Stephenson also installed one of the first Hydro-Action aerobic treatment units in the state.
She also installs E-Z Treat sand filters, AdvanTex AX20 and AX100 units (Orenco Systems), Singulair systems (Norweco), and Anua and Ecoflo (Premier Tech Aqua) peat systems, along with many American Perc-Rite (American Manufacturing Co.) and Geoflow drip dispersal fields.
During her early years in the business, North Carolina didn’t offer credentialing for onsite installers. When the state began doing so in 2008, Stephenson was in one of the first classes and earned Level IV (highest) certification, qualifying her to install essentially any onsite system that can be permitted in the state: “I went for the top-level certification because I didn’t want to be limited in what I could do.”
She continues learning by attending the annual Onsite Water Protection Conference in Raleigh, along with North Carolina Septic Tank Association conferences and, two years ago, the Water & Water & Wastewater Equipment, Treatment & Transport Show in Indianapolis. “I always look for ways to improve my business,” she says.
Meanwhile, she keeps learning on her own and developing her team. “As our company grew, I added equipment and trucks, and I decided that if I was going to own equipment I was going to know how to run it. If I own a big truck, I’m going to know how to drive it.”
Among her team members, foreman Israel Cruz and assistant foreman Jesus Pina are the primary equipment operators, although Stephenson wants the other crew members, Steven Cruz and Luis Lopez, to learn the equipment as well.
Besides running excavators, Israel Cruz coordinates daily installs, calls county health department personnel for inspections, orders tanks, and generally makes sure jobs get done. Pina covers up and closes jobs using the skid-steer and makes sure installed systems run efficiently and correctly. Steven Cruz is the pump and panel specialist.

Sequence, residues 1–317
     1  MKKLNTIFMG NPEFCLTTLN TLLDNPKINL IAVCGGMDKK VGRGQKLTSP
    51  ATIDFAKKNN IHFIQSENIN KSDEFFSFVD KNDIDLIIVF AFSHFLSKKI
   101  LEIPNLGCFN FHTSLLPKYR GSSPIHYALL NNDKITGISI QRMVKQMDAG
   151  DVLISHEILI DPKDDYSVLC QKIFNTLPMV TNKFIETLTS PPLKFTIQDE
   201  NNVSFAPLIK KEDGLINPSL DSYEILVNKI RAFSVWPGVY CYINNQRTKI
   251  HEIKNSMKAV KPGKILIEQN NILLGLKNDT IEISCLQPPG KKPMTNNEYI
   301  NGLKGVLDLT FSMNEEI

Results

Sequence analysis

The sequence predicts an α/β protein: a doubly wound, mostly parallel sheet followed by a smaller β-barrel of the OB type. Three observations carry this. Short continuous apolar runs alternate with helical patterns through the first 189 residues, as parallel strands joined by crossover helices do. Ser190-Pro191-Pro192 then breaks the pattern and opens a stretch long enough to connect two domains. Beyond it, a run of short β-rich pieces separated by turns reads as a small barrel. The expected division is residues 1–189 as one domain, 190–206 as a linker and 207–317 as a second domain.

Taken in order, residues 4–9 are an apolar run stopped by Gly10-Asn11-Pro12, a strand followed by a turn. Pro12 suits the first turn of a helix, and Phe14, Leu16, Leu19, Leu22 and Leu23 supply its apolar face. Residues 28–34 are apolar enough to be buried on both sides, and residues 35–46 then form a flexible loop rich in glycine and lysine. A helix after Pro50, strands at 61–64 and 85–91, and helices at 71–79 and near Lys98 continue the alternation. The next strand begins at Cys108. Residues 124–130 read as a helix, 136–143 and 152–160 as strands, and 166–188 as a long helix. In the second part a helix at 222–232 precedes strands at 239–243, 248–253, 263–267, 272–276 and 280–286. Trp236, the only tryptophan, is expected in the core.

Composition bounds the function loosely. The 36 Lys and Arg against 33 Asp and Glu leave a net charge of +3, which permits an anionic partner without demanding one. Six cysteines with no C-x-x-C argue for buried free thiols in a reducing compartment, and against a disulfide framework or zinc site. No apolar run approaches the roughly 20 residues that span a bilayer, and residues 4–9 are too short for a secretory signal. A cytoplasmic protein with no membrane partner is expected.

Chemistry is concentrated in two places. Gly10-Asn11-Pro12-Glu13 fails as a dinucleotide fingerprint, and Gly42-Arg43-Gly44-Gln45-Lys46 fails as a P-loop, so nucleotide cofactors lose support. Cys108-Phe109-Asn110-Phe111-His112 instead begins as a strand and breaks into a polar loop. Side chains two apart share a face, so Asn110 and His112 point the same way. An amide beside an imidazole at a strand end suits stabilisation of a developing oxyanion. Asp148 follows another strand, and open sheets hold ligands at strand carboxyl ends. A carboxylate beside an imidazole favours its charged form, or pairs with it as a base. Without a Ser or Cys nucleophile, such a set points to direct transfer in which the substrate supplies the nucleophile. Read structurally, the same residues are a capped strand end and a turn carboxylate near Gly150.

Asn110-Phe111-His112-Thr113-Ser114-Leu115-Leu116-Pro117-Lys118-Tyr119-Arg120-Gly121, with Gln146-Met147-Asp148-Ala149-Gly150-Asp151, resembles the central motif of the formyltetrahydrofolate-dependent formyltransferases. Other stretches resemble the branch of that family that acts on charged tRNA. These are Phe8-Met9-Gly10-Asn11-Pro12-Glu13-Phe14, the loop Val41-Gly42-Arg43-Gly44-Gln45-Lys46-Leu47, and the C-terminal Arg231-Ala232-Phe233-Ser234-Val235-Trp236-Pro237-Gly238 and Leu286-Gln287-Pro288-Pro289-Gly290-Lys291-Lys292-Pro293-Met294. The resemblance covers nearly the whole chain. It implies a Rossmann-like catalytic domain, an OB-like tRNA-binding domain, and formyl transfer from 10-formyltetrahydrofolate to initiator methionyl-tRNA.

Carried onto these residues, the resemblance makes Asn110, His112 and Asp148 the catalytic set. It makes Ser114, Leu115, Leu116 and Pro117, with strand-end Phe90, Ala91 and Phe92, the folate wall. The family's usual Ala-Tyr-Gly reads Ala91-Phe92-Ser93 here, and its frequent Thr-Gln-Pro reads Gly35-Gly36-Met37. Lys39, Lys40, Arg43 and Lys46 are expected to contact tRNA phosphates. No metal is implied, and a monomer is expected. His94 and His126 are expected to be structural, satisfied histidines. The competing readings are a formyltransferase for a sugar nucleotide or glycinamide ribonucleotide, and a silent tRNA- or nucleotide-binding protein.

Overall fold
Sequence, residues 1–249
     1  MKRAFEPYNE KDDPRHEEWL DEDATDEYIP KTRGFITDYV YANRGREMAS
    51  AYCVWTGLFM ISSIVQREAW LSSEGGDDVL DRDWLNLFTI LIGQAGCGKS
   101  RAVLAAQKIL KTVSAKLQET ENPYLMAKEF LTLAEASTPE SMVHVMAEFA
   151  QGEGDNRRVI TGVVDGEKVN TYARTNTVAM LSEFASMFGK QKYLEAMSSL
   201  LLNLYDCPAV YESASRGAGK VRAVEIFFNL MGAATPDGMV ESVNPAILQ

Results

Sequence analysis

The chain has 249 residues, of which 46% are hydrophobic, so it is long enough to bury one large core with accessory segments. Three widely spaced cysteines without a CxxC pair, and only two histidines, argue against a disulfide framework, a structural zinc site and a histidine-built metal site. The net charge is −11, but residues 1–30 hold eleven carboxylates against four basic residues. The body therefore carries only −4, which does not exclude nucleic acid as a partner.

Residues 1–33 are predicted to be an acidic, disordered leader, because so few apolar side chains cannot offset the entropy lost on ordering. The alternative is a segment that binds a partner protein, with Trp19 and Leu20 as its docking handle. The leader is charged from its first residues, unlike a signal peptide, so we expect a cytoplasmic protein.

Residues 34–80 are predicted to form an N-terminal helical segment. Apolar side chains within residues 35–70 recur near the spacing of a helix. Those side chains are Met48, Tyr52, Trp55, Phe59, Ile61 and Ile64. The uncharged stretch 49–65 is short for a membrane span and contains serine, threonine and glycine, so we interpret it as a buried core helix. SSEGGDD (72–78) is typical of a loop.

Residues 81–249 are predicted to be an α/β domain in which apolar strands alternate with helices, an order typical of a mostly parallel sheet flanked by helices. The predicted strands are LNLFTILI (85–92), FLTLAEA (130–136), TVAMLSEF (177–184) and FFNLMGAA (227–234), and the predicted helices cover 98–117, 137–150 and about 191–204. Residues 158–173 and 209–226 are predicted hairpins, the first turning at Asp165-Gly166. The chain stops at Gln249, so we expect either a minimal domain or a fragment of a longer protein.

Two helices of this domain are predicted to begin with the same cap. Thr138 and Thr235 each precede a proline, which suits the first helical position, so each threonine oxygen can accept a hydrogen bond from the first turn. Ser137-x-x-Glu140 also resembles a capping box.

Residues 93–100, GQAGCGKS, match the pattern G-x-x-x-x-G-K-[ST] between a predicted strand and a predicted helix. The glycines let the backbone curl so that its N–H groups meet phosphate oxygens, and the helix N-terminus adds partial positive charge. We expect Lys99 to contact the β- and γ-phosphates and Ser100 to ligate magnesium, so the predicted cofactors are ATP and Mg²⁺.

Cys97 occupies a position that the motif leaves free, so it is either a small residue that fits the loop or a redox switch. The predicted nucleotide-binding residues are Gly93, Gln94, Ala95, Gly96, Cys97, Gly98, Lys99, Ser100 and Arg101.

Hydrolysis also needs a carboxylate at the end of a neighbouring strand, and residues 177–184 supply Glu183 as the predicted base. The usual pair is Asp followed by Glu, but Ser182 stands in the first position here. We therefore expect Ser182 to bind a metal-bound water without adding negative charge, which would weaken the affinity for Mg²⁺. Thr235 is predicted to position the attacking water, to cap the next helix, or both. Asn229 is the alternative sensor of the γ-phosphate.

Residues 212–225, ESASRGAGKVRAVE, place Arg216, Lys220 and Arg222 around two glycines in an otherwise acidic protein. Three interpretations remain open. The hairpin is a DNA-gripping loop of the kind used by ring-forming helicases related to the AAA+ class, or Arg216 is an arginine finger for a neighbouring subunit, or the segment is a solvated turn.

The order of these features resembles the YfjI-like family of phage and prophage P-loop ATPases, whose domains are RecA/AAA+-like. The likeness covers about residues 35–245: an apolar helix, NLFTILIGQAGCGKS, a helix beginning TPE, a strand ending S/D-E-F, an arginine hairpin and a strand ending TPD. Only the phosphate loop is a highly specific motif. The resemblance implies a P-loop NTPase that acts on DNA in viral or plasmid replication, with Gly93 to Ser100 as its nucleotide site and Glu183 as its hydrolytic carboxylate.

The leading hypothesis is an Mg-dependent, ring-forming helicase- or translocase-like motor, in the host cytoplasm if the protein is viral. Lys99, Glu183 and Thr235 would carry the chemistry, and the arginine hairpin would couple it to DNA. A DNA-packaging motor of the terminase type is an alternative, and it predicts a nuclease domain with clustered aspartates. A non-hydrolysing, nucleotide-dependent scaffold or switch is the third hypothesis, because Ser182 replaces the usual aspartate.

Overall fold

For drainfields they use EZflow media or chambers (both from Infiltrator Water Technologies) almost exclusively. “The majority are EZflow,” says Stephenson. “Most times the determining factor is logistics. With chambers I can haul enough for up to three systems per day. EZflow is a little more challenging to haul. I always use the material my customer prefers, but we really only use rock if it is requested.” For tanks she prefers concrete.
Tackling Big Jobs
Stephenson doesn’t design systems. In North Carolina, county environmental health department staff members typically perform the soil tests and prescribe the systems; installers are largely limited to implementing permitted plans. The challenges come in dealing with the site conditions. Along the coast, tank excavations often require extensive dewatering.
That was the case last summer when Atlantic On Site installed treatment systems for 125 sites in the second phase of the Turkey Point RV Park at Sneads Ferry; the company had also built the first-phase systems. The second phase included 13 septic systems with conventional drainfields using a mix of EZflow media and chambers.
“That job was challenging because it’s right down on the intercoastal waterway in sand,” Stephenson said. “Setting the 26 tanks was the most difficult part. Every tank had to be wellpointed and dewatered. We had to use trench boxes and dig 12- to 15-foot-deep holes.”
Wellpointing for each hole meant driving a series of wellpoints around the perimeter of the excavation, connecting each one to a manifold and hooking that to a large suction pump to pull the groundwater away from the hole to dry it out. Based on her experience at Turkey Point and other sites, Stephenson has added wellpointing as a specialized service.